# What does `sym()` do regarding tidyeval?

``````library(tidyverse)
input_name <- "birth_year"
input_value <- 19

quo(filter(starwars, !!input_name == !!input_value))       # line 5
quo(filter(starwars, !!sym(input_name) == !!input_value))  # line 6
``````

What's the difference between line #5 and line #6, and the use of the `sym()` function? Why is `sym()` only required on the left side of the equation in line #6?

Is the point of `sym()` to take character strings and unquote them into symbols?

### Line 5

``````<quosure>
expr: ^filter(data, "birth_year" == 19)
env:  global
``````

### Line 6

``````<quosure>
expr: ^filter(data, birth_year == 19)
env:  global
``````
• A string is data in itself. A symbol is a reference, it points to, or represents, other data (often a column in a data frame in the dplyr case). Feb 7, 2019 at 10:12

## 2 Answers

In the first case, the column is not evaluated, it is the string that gets evaluated. But, by converting to `symbol` and evaluate it, it returns the column values. The `sym` is required in the `lhs` because we are not trying to get the literal value, but to extract the column value

According to `?sym`

sym() creates a symbol from a string and syms() creates a list of symbols from a character vector.

and the `?"!!"`

The !! operator unquotes its argument. It gets evaluated immediately in the surrounding context.

The answer is yes, the goal of `sym()` is to take character strings and parse them into symbols. The reason you need this on the left-hand side of the equality can be seen in `?filter`:

`````` ...: Logical predicates defined in terms of the variables in
‘.data’. Multiple conditions are combined with ‘&’. Only rows
where the condition evaluates to ‘TRUE’ are kept.
``````

`filter( starwars, "birth_year" == 19 )` will always return no results, because the string literal `"birth_year"` is never equal to the integer literal `19` (which gets implicitly coerced to the character literal `"19"` in the comparison). By using `sym`, you are effectively parsing that string into a symbol, forcing `filter` to look at the column called `birth_year` in data frame `starwars`, rather than the literal string `"birth_year"`.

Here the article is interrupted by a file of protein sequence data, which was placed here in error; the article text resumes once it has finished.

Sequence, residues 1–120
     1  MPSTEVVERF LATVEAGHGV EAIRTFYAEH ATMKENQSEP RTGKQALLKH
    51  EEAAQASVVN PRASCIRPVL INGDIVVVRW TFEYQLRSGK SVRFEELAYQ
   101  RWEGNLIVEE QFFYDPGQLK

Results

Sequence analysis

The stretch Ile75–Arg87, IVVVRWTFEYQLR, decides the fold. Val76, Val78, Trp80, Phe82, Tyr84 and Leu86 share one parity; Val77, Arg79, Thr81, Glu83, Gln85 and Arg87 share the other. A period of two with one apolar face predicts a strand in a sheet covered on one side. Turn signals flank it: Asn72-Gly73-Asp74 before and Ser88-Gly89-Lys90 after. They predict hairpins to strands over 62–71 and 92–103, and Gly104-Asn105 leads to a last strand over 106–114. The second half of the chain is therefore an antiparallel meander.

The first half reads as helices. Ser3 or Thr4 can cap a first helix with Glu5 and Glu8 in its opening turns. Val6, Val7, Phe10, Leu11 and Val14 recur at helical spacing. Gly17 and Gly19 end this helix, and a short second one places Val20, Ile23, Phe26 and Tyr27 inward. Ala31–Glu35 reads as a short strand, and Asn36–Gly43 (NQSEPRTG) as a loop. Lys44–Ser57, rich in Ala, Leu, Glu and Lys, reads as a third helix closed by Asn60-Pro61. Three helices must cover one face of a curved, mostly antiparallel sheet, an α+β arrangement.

Conversely, you don't need `sym()` on the right-hand side of the equation, because there is no column `19` in `starwars`, and you're interested in the actual literal value `19` instead. If you were comparing two columns in the data frame, then you would want `sym()` on both sides of the equality. For example,

``````name1 <- "skin_color"
name2 <- "eye_color"
filter( starwars, !!sym(name1) == !!sym(name2) )
# # A tibble: 6 x 13
#   name  height  mass hair_color skin_color eye_color birth_year gender homeworld
#   <chr>  <int> <dbl> <chr>      <chr>      <chr>          <dbl> <chr>  <chr>
# 1 Wick…     88    20 brown      brown      brown              8 male   Endor
# 2 Jar …    196    66 none       orange     orange            52 male   Naboo
# 3 Eeth…    171    NA black      brown      brown             NA male   Iridonia
# 4 Mas …    196    NA none       blue       blue              NA male   Champala
# ...
``````